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Four For The Fourth: Songs For America

On the Fourth of July, we hoist American flags high, shoot off completely legal fireworks, and consume patriotic cupcakes. It's a birthday party and the whole country is invited.

That leaves the music. How many more times do you need to hear "Stars and Stripes Forever" played by a ramshackle high school marching band before you barrel headfirst into the bass drum? And does Lee Greenwood's "God Bless the USA" really need the full laser show treatment? (The answer is yes, by the way.) America can do better!

Whether meditating on America's landscape, its freedoms or the things about our country that frustrate us, America is ripe for inspiration, as evidenced by the songs below.

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Freedom Suite

As the 1950s became the '60s, the word "freedom" was perched on the lips of many a jazz musician. As innovators in form and technique, African American musicians grappled with what would come to be known as "free jazz"; as the Civil Rights Movement played out, many also came to understand freedom as something realized in a painfully torpid struggle throughout black history. You could read all that into Sonny Rollins' 1958 recording, The Freedom Suite. Rollins relied heavily on the myriad talents of Max Roach (drums) and Oscar Pettiford (bass) to abet a free-flowing, conversational style of improvising. But surely, in his saxophone heroism, Rollins was also channeling the sundry and complex emotions of oppression, sympathy and political protest. And, after the tape stopped rolling and the moment passed, America was bettered by the recording. --Patrick Jarenwattananon

Wasn't Born to Follow

Many events in 1969 changed how Americans viewed their country: Woodstock, the continuing Vietnam War, the Moon landing and the Chicago Seven trial, to name a few. And for the first time, mainstream America was viewing its counterculture on the big screen in films such as Easy Rider. In the midst of motorcycles, mutton chops and a lengthy acid trip, audiences saw a wild America, the one between Los Angeles and New Orleans. Suddenly, the American highway was the kind of place where you could get lost in the wonder and Easy Rider had its soundtrack. Penned by songwriting team Carole King and Gerry Goffin, the oh-so appropriately-titled "Wasn't Born to Follow" by The Byrds is an easy-going psychedelic-country song about aimless wandering and the choice to do so. --Lars Gotrich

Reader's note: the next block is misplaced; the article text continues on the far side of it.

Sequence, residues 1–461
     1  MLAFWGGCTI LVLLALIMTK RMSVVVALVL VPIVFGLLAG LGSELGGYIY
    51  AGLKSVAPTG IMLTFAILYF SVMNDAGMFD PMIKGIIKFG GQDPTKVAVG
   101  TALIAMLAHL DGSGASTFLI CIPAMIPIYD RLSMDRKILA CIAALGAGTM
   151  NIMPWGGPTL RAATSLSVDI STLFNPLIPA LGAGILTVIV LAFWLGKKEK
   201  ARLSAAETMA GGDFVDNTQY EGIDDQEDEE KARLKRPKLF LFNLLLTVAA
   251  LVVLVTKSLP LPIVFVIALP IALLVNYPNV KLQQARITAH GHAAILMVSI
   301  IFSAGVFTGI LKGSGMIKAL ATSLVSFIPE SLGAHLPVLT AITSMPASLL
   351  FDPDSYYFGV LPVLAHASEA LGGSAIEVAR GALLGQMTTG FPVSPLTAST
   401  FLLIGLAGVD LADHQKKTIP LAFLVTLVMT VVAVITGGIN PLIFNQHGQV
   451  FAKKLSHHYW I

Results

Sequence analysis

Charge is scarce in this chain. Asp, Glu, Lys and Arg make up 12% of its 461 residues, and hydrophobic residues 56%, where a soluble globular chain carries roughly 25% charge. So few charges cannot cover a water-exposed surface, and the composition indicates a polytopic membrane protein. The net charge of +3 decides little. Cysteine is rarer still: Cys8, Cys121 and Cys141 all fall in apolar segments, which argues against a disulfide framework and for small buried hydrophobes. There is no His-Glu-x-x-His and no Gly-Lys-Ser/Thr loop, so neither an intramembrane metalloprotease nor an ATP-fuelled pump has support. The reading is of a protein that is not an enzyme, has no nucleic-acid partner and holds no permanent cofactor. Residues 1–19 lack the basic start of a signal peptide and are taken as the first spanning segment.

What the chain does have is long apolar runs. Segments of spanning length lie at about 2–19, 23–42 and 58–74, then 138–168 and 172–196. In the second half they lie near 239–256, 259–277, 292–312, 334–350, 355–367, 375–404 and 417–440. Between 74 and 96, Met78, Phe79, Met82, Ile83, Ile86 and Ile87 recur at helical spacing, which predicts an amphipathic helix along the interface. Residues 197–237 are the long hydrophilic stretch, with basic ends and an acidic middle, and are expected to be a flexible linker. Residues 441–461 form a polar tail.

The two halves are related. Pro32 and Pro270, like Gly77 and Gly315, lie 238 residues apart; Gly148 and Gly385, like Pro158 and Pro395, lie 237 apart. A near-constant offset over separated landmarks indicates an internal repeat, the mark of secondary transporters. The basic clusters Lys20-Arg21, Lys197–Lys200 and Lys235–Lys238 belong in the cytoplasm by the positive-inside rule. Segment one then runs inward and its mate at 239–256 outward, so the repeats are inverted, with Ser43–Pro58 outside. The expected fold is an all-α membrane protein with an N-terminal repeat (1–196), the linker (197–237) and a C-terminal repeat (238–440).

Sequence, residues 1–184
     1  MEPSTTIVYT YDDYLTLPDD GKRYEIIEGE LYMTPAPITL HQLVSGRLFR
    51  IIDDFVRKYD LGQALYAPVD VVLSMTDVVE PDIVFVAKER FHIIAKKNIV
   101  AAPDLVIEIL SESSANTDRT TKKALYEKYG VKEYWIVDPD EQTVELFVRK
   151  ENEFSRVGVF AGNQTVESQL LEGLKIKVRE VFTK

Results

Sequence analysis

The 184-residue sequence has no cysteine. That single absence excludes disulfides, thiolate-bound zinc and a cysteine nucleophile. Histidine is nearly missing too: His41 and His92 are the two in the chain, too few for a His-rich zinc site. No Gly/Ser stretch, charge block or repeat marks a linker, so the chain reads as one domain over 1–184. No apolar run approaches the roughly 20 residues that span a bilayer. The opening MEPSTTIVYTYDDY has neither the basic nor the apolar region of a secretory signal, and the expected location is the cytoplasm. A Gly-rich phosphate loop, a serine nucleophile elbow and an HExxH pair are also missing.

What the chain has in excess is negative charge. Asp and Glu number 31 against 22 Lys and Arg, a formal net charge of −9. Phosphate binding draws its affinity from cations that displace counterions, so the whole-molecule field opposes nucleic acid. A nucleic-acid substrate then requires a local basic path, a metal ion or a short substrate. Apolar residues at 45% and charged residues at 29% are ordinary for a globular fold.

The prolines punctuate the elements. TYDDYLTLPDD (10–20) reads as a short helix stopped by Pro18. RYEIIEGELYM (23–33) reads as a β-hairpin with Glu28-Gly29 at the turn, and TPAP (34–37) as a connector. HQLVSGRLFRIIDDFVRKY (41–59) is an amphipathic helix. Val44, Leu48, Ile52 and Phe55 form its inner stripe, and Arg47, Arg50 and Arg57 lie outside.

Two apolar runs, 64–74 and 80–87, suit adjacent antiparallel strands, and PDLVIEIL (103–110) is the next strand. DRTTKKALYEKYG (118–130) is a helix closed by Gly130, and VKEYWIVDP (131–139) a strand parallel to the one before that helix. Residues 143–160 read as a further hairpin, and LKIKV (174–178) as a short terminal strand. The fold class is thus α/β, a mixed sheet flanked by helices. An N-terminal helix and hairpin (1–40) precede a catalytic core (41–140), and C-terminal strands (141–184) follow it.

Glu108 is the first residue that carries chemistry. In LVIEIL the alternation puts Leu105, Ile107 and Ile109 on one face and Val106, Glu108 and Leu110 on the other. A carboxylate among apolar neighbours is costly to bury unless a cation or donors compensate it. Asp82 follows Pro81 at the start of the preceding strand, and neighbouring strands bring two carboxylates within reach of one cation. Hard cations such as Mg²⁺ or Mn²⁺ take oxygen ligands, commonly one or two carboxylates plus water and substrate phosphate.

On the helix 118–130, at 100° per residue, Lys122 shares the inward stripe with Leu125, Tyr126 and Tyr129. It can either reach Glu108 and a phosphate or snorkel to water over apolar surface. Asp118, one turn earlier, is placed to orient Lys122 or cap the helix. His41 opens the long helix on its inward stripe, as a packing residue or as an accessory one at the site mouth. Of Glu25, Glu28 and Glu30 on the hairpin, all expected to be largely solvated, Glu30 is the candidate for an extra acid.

Bamboula, danse des nègres for piano, Op. 2, D. 13 (RO 20)

New York City has often been called America's melting-pot. But in the first half of the 19th century, another U.S. city could easily have laid claim to that title. Walk down the narrow streets of New Orleans around 1830, and you could hear music with roots in Africa, the Caribbean, France, Spain and rural America, coming from French opera houses, military bands, banjo pickers, theatres and dance halls. New Orleans native Louis Moreau Gottschalk was a composer, a virtuoso pianist of the first rank and perhaps our country's first music multiculturalist. His "Bamboula," played here by Cecile Licad, is a fizzy mix of Afro-Caribbean rhythms with a pinch of Franz Liszt. --Tom Huizenga

Big Country

"The Big Country," Talking Heads' final track on More Songs About Buildings And Food, is a somewhat atypical song about America in that it seems to be both an ode and a criticism. Over country-infused pop melodies, singer David Byrne romantically opens the song by listing the baseball diamonds, factories and farms that he sees from a plane window while flying over middle America. But by the time the chorus rolls around, the tone shifts. As Byrne sings, "I say, I wouldn't live there if you paid me / I couldn't live like that, no siree!" it's unclear if the first person character is Byrne himself, or an unreliable narrator with a dismissive detachment. Byrne's lyrics have a way of evoking a nostalgic feeling for the simplicities of suburban and rural America, while commenting on that lifestyle at the same time. --Mike Katzif